• There have been no stimulus talks since Aug. 7
  • Provisions of the CARES Act, including a moratorium on evictions and foreclosures and pandemic unemployment compensation, expired July 31
  • JP Morgan says every month pandemic unemployment compensation is delayed, the GDP will suffer a 0.4% loss

House Speaker Nancy Pelosi said Tuesday Democrats are willing to cut their coronavirus stimulus bill if that will facilitate a quick deal with the White House.

Talks on the fifth round of coronavirus relief stalled more than a week ago, in part over disagreement related to the size of pandemic unemployment compensation and aid to cash-strapped state and local governments. There have been no talks since Aug. 7.

“We’re willing to cut our bill in half to meet the needs right now,” Pelosi told reporters. Spokesman Drew Hammill later clarified Pelosi meant Democrats were willing to meet the White House halfway, Bloomberg reported.

Democrats passed a $3.5 trillion coronavirus relief measure in May but negotiations with Republicans did not begin until the expiration deadline for provisions of the CARES Act, adopted in March, were just days off. The Republicans’ counteroffer was for a $1 trillion package that did not provide state and local aid and cut the pandemic unemployment compensation from $600 to $200.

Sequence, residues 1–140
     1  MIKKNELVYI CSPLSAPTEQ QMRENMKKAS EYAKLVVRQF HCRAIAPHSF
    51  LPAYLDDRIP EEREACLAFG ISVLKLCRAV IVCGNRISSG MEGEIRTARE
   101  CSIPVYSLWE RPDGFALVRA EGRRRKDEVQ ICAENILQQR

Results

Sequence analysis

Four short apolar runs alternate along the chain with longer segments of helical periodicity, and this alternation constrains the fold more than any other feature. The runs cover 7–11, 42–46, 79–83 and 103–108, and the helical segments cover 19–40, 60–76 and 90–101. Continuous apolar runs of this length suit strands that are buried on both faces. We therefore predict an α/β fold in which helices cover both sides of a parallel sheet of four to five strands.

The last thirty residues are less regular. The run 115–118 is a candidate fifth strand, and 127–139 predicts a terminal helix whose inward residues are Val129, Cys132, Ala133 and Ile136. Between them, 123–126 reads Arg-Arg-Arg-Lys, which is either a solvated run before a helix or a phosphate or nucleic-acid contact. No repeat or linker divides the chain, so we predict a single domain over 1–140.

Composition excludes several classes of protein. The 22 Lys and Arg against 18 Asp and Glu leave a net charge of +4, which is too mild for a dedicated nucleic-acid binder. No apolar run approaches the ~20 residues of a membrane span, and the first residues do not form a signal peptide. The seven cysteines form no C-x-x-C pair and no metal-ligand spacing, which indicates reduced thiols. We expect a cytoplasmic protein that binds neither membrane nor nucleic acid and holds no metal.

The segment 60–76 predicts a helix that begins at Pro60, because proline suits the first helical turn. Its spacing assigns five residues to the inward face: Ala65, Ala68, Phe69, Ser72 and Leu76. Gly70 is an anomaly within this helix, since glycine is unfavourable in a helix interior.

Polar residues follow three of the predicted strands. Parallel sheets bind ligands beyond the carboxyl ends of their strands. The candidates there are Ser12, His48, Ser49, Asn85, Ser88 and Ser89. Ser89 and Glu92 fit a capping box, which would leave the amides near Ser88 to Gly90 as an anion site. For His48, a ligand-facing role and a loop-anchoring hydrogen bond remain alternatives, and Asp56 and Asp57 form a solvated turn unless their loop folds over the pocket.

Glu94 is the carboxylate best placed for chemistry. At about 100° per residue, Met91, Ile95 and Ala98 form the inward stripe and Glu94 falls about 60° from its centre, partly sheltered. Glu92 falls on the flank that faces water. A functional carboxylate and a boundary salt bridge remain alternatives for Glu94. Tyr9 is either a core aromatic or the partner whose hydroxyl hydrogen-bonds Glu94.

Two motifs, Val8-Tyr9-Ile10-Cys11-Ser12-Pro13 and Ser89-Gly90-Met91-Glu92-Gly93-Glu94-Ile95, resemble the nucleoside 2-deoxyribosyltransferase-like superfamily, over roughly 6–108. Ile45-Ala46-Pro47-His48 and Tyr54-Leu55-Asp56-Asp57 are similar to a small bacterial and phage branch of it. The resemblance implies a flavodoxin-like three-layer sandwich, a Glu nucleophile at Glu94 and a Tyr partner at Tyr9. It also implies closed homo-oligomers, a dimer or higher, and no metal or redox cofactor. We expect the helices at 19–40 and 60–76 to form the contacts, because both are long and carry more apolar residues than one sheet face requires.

During subsequent negotiations, the White House raised the unemployment compensation to $400, but President Trump remained opposed to state and local government aid.

Since the talks broke down, Trump has signed a series of executive orders he said would provide unemployment relief and keep tenants from being evicted, but critics say the orders really won’t have much of an impact. One of his orders imposes a suspension of the payroll tax, a move that could undermine both Social Security and Medicare if it is made permanent as Trump has threatened.

Pelosi said Democrats are willing to pass a smaller bill now and then come back for a sixth round of relief after the new fiscal year begins Oct. 1. She said she does not want to be negotiating a stimulus bill at the same time Congress needs to adopt a continuing resolution to keep the government afloat.

JP Morgan Chase strategists estimate each month the pandemic unemployment compensation is delayed, the gross domestic product loses 0.4%, increasing the damage inflicted on the economy by the pandemic and threatening to make the damage permanent.